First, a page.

What Are The Other Options? 

For those who do not want to fork out the $2,000 for the Tesla Acceleration Boost upgrade, there are a few aftermarket companies that offer an off-label modification package at a cheaper price. While it isn’t the official Boost upgrade, they can offer a similar level of performance. 

Ingenext, founded by a Canadian Tesla mechanic, sells a plug-and-play performance improvement module called Boost 50. Boost 50 claims to offer the same extra 50 horsepower as Tesla’s acceleration upgrade. It also includes drift mode and other perks for only $1,100. 

If you are not looking for an Acceleration boost module, there are still ways to make the Model 3 faster and improve performance. Reducing the overall weight of the car can add a little extra speed. Taking out the back seat or other interior pieces may improve things a little.

 Keeping the battery fully charged or when the stage of charge (SoC) is higher can also give you better peak acceleration numbers. Warming up the vehicle and the battery before driving it can also give you a little performance boost instead of just getting in and setting off immediately. 

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So, Is The Acceleration Boost For You?

While $2,000 is quite a costly upgrade feature, particularly for a software-based one, the Acceleration Boost upgrade certainly gets the acceleration capabilities to close that of Model 3 Performances. One of the key selling points of the upgrade is that it is targeted at those who were torn between the Performance model and the Long Range Model but ended up purchasing the latter. It gives a bit extra to those who went with the Long Range Model.

The actual acceleration timing difference is notable and affects all the speeds, not just 0-60 mph.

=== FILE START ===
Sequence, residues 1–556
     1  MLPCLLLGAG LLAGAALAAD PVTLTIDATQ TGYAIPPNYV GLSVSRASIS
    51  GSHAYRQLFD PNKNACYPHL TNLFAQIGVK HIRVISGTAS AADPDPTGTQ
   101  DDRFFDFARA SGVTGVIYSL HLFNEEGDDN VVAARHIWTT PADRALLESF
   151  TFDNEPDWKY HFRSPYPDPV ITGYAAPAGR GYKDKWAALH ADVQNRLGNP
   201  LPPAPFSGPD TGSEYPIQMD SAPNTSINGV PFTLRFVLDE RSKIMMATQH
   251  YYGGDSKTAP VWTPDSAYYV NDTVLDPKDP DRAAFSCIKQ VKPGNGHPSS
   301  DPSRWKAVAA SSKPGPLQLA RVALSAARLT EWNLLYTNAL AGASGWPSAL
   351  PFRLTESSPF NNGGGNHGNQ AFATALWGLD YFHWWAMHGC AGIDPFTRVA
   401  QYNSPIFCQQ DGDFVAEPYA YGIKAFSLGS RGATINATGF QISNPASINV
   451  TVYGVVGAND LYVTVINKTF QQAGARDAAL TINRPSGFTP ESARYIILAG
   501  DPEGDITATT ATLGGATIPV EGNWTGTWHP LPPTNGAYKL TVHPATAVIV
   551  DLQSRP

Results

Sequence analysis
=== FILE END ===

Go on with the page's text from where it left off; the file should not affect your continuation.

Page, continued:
Conversely, fast acceleration in your Model 3 will mean faster tire wear. It could also potentially translate to lower efficiency and possibly higher battery degradation. So, one thing to remember is that getting through tires and lower efficiency will mean more costs in the long run.

One of the benefits of the Acceleration Boost is that if you aren’t sure whether to upgrade, there is no particular time frame to do so, as it is just a software upgrade. Unlocking the Acceleration Boost is a straightforward process, whether you’re saving up for it or still undecided.

If you’re unsatisfied with your Tesla purchase, you have a right to a refund within 48 hours of the initial purchase, even though this refund policy is not marketed as a trial period.

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For some, the Acceleration Boost is a welcome upgrade and well worth the money spent. The car noticeably accelerates quicker and is a good alternative for those who don’t want to use the Performance model.

However, for others, it is not enough of a step up towards the Performance model, which comes with other features like Track Mode and bigger brakes. Ultimately, it comes down to personal preferences based on budget, needs, and other factors.  

author avatar
Emily Nicholls